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SaaS, netbooks and smartphones bright spots for 2009

Microscope contributor


At this time each year I am often asked about my predictions for the coming 12 months. While the current economic crisis makes this forecasting exercise more difficult this time around, I have compiled a list of five predictions that I believe will happen in 2009.

1. Faster adoption of SaaS
The economic crisis will drive enterprises and SMEs towards a faster adoption of software as a service (SaaS). With budgets being slashed, IT managers who have been hesitant to move client server applications to online solutions will be forced to make this transition faster than planned and even some big corporations will be forced down this path.

This makes applications such as Salesforce.com and others aimed at the enterprise and SMEs hot properties in the coming year.

2. Server sales on the up

Sales for hosting online applications within corporate firewalls will continue to be strong. Major service organisations such as Hewlett-Packard, IBM and Dell could see their businesses rise as they employ data-protected servers for hosting online IT applications as well.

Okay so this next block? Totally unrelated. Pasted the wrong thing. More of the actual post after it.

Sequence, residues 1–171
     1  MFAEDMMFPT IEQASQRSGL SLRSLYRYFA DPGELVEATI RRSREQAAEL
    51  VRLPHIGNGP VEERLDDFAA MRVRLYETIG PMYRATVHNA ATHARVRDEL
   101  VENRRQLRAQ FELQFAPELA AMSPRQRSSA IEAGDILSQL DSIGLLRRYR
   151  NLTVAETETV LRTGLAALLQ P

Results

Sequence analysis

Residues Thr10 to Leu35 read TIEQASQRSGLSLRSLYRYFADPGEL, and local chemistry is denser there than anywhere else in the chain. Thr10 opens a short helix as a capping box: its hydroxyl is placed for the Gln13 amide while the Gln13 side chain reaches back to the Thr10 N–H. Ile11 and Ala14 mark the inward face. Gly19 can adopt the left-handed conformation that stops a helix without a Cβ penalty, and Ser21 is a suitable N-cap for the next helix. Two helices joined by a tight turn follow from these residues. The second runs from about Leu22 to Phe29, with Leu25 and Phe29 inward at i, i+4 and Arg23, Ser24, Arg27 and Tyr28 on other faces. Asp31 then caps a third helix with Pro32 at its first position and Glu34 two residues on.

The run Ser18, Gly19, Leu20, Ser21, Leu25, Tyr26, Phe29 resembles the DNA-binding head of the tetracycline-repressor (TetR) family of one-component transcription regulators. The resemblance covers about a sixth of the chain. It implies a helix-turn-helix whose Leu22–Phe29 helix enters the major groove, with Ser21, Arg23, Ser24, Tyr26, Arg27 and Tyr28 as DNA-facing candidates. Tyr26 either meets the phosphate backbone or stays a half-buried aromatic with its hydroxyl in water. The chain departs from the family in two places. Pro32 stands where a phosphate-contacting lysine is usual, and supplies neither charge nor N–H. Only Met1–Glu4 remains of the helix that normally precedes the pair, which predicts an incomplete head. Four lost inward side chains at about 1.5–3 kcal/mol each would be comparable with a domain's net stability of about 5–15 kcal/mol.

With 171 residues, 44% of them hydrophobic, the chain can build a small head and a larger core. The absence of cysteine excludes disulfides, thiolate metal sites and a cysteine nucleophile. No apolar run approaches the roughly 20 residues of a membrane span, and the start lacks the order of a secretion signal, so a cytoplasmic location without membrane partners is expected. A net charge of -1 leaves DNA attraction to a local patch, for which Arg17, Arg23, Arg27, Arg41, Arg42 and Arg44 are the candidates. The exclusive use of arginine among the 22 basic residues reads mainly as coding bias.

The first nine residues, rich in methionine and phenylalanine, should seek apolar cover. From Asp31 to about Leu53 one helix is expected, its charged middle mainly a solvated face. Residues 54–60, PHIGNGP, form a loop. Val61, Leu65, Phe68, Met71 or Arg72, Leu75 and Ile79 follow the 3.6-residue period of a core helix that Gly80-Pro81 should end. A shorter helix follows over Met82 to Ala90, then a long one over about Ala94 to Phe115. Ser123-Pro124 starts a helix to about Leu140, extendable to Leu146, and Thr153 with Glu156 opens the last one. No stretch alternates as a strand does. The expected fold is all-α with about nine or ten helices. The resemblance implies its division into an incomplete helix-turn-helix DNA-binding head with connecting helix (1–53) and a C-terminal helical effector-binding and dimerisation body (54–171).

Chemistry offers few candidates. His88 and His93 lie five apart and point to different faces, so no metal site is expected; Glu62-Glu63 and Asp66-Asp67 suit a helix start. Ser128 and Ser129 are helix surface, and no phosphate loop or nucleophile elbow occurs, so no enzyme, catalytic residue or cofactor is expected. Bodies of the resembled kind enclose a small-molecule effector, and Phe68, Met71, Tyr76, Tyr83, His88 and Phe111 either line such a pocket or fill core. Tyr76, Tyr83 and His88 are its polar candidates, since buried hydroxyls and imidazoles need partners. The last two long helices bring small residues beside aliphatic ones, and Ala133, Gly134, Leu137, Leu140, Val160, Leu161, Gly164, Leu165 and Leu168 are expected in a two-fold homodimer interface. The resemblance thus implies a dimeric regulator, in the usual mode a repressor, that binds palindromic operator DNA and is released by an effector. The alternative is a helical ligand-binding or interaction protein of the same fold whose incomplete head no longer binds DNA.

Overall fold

3. Netbooks really take off

People want cheaper laptops and ones that provide more mobility. About 18 million netbooks were sold in 2008 and at least another 30 million or so are expected to be sold worldwide in 2009.
 
However, these products have driven down the average selling price of more traditional laptops, so we are now seeing full-powered laptops in the same price range as netbooks.

Consequently, users will be faced with a choice between mobility and full-powered functionality when purchasing new notebooks in 2009.

4. Smartphones grab a share
By 2015, smartphones will represent 65% of all mobile phones sold
globally.

In the early part of 2008 sales of mobile phones and smartphones grew, but under the worsening economic climate sales seemed to stall in the latter part of the year.

However, mobile phones have become indispensable tools and in the next 12 months, smartphones such as the Apple iPhone and the Blackberry Storm will gain a stronger foothold in the US and Europe.

5. Windows 7 gives tech a lift

While sales of PCs and other technology-related items will be down in the first half of 2009, I believe that if Microsoft is able to deliver Windows 7 by the third quarter, as many expect, it could be the catalyst to help jump-start the technology economy.
 
Businesses and consumers see Windows 7 as a “new” OS, which could drive them to make new PC and notebook purchases by the fourth quarter. While this might be wishful thinking, in the past when Microsoft delivered new operating systems for mass consumption, it caused sales of PCs and notebooks to accelerate dramatically for a period of 24 months. Let’s hope history repeats itself.

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